Rococo refers to a style of art which emerged in early eighteenth century France under the reign of Louis XV. It is characterised by elaborate ornamentation, which includes scrolls, flora and animal forms. As a style it was not just associated with painting and sculpture, but also interior design, architecture, furniture, fabric and tableware.
A decorative and elaborate art movement originating in eighteenth century Paris, characterised by curvaceous lines and the illustration of light-hearted, romantic and whimsical scenes. In France the style was led by painters François Boucher, Jean-Honore Fragonard and Jean-Antoine Watteau, and the sculptor Clodion, later pioneered in England by painters William Hogarth and Thomas Gainsborough, who celebrated the luxuries of aristocratic life.
Origins of the term
The term ‘rococo’ is derived from the French word ‘rocaille,’ meaning ‘rock work’, often used in reference to the shell work in garden grottoes; it became a descriptive word in reference to the whiplash curls and serpentine rolls of the rococo style. Following the death of Louis XIV, members of the French court left Versailles and established a new, aristocratic society in Paris. They led fashion and interior decor away from the King’s grand, Baroque style towards softer, graceful curves and elegance. Their preference was for Mannerist relief designs featuring stucco, gilding, curls and rolls, which began to appear on furniture, cornicing and picture frames.
Parisian High Society
The leisure pursuits of wealthy, Parisian aristocrats were a source of great fascination for artists of the rococo era, whose indulgence and excess stood in marked contrast to the rest of ordinary French life. They painted both real and imaginary figures with a light touch, emphasising curves and sensuality, situating female figures amongst lush, overgrown vegetation.
Jean-Antoine Watteau was fascinated by the elite classes, capturing portraits and group studies which hinted at scandalous love affairs simmering under the surface, as seen in his indulgent Fêtes Vénitiennes, 1718-19, capturing himself as a musician while the leading actress Charlotte Desmares, known mistress of the Duc D’Orléans, is portrayed dancing with Flemish painter Nicolas Vleughels amidst a hazy and imaginary romantic landscape. The work is a typical example of the fashionable fete galante (courtship party) category of painting which Watteau pioneered, illustrating graceful, aristocratic groups in social settings. Jean-Honoré Fragonard’s The Swing, 1767, is more direct, capturing a lady swinging just high enough to allow her lover down below to catch a glimpse up her skirt, in a display of playful flirtation. Though more discreet, François Boucher’s paintings also typified the decorative and amorous language of the Rococo era; In A Pastoral Scene (L’Aimable Pastorale), 1762, a young couple is set amidst a rural scene of curling branches and leaves while they gaze longingly into one another’s eyes.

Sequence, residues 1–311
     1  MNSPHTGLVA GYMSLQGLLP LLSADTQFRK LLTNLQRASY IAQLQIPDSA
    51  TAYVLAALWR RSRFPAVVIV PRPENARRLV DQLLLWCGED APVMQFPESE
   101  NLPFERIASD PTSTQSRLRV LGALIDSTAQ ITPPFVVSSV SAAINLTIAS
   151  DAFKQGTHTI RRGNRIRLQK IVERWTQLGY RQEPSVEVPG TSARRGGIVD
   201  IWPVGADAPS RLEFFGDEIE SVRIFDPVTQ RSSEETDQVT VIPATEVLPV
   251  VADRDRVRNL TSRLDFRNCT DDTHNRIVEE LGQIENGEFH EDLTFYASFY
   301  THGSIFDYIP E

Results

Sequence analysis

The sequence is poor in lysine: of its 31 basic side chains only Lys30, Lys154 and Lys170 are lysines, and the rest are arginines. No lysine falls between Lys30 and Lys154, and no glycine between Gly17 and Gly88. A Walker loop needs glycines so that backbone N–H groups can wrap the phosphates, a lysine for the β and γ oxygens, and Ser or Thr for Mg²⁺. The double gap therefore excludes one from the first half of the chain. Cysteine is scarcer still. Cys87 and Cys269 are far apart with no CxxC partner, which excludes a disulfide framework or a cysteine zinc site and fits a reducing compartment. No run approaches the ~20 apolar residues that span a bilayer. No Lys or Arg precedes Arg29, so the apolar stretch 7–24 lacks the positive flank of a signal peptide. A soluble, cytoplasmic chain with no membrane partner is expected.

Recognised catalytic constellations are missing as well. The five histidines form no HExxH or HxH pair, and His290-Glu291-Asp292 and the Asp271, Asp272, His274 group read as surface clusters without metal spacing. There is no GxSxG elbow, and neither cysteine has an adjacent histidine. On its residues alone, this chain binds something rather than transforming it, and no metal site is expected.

Rococo in Britain
The Rococo style was introduced into Britain by French painter Philip Mercier, who became painter to the Prince and Princess of Wales. Although less flamboyant and scandalous, the French rococo undoubtedly influenced the lavish high society portraits of Thomas Gainsborough, including The Honourable Mrs Graham, 1775-77, which emphasises his sitter’s refined, elegant beauty with sinuous curves, indulgent fabric and refined details. Sir Joshua Reynolds also revealed the influence of Watteau in his society portraits, painting with the same light, breezy touch, as seen in The Ladies Waldegrave, 1780, which places three sisters together against a rich, heavy curtain as the white, cold air seems to filter in from the garden beyond.
As the century drew to a close, the decorative and playful language of Rococo was replaced with the more retrained, ordered language of Neo-classicism. The style developed somewhat negative connotations, with many in the nineteenth century associating the term with that which is 'old fashioned' or 'tastelessly florid and feebly pretentious.' By the later nineteenth century various French artists rediscovered Fragonard’s delicate, sensitively handled landscapes and appropriated his language, including the French Impressionists Edgar Degas and Pierre-Auguste Renoir. The Rococo language has also been re-invented by various contemporary artists since, who have absorbed the fanciful decoration of the era into their practice as a form of postmodern pastiche, including Lisa Yuskavage, Damien Hirst and Jeff Koons.